What’s the use of benchmarks…

The full title of this would be – “what’s the use of benchmarks if you don’t change anything?” This is stimulated by a post by Steven Clift on his newswire in response to the latest Pew Internet results.

Steve asks questions about the result to a Pew question, which is:

“Overall, when you have a question, problem, or task that requires contact with your local, state or federal government, which method of contact do you prefer most?…Calling on the phone, visiting in person, writing a letter, visiting a website, sending email [ Q.14 ]

Today              –                         Aug 2003

35% Calling on the phone – 38%

20% Visiting in person – 15%

11% Writing a letter – 15%

10% Visiting a website – 17%

18% Sending email – 9%

1% Some other way (Vol.) – 1%

4% Never contact government (Vol.) – 4%

1% Don’t know – 1%

*% Refused

Note from seven years ago that the most preferred way to contact government has sending an e-mail up 8% and visiting a web site down 7%. Very interesting. So for those governments and elected officials who have deleted their e-mail address from their website and replaced it with only a web form, please take note. Also interesting is a 5% increase in those who prefer to visit government in-person. Must be the free coffee.”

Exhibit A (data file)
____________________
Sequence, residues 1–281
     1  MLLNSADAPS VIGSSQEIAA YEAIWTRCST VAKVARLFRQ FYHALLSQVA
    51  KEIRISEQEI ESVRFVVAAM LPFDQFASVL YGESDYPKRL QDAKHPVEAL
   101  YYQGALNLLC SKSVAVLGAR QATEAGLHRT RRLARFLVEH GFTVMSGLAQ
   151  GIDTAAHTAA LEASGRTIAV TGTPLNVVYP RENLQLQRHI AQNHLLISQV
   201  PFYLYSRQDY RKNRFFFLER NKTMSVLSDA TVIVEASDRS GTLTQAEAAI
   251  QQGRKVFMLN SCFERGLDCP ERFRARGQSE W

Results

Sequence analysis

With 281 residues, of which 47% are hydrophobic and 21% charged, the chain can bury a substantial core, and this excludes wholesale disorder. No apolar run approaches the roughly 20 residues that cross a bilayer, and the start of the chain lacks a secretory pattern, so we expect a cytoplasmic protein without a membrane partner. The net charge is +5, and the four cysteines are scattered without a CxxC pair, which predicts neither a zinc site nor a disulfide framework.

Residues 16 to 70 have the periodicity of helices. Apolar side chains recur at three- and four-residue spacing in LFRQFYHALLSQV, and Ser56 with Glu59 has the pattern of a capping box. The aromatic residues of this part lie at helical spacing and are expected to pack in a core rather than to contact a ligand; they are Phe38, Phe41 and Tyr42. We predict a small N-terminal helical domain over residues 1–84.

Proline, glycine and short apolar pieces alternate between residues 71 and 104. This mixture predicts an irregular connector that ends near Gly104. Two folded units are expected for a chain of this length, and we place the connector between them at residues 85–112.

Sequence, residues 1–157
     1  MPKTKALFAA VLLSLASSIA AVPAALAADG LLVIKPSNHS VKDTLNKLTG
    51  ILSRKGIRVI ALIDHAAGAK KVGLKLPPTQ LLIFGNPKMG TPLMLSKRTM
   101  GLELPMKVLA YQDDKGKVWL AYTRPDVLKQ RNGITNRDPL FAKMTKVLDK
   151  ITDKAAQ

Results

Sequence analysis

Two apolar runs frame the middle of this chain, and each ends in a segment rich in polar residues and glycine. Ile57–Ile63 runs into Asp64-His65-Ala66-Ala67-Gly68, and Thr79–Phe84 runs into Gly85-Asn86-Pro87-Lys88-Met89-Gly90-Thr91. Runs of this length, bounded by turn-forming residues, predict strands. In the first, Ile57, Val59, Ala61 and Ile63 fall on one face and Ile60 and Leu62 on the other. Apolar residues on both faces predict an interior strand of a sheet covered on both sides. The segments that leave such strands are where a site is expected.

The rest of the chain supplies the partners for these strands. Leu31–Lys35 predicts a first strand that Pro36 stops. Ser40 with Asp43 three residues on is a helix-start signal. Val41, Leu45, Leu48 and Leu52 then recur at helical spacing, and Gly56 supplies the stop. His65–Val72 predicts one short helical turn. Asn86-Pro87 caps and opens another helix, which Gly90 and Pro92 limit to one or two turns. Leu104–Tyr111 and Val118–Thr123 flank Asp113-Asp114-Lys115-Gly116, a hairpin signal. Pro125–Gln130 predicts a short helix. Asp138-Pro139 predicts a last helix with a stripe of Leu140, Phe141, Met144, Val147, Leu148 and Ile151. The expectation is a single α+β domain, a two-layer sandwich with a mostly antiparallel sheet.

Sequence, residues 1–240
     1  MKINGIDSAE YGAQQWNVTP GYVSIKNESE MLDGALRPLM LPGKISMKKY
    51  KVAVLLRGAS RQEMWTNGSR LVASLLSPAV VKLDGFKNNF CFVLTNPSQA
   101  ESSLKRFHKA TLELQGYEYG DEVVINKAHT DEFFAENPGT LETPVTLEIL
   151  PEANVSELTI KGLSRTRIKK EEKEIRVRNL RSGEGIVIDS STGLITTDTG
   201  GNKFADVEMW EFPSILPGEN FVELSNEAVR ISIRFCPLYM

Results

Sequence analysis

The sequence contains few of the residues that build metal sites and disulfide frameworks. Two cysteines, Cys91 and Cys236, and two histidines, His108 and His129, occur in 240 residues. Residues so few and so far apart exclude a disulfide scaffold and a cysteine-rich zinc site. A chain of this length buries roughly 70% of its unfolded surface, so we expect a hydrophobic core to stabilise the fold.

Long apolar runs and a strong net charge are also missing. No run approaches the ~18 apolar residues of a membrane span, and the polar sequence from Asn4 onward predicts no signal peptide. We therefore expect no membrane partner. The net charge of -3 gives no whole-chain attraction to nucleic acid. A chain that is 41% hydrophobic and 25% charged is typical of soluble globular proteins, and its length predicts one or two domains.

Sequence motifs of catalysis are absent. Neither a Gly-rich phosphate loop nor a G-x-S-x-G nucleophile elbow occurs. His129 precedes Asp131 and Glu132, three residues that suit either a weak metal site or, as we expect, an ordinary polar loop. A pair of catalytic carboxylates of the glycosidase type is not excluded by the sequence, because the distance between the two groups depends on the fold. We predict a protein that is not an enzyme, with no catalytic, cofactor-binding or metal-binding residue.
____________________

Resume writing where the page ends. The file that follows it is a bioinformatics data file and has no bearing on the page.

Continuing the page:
The issue I see with the Pew Internet results is that whilst they show the channel shift, they don’t help to explain it. They show usage of the web site dropping, whilst face-to-face and email increase. Without satisfaction ratings to reinforce the data, I’d assume that this was as a result of web site delivery failure and citizens falling back on email and face-to-face to get a service completed. But, that can only ever be an assumption without some data to support it.

The figures shown are for the USA, which I personally find quite shocking if UK e-government is modelled on that, it potentially shows a near-complete failure of e-government with a drift away from web to existing channels. Email might as well be face-to-face, it requires a lot of manual handling.

I suspect the US need to consider something like the Socitm Customer Access Improvement Service or one of the other channel comparison systems I list in my Company table V8.


Leave a Reply

Fill in your details below or click an icon to log in:

WordPress.com Logo

You are commenting using your WordPress.com account. Log Out /  Change )

Twitter picture

You are commenting using your Twitter account. Log Out /  Change )

Facebook photo

You are commenting using your Facebook account. Log Out /  Change )

Connecting to %s

This site uses Akismet to reduce spam. Learn how your comment data is processed.

%d bloggers like this: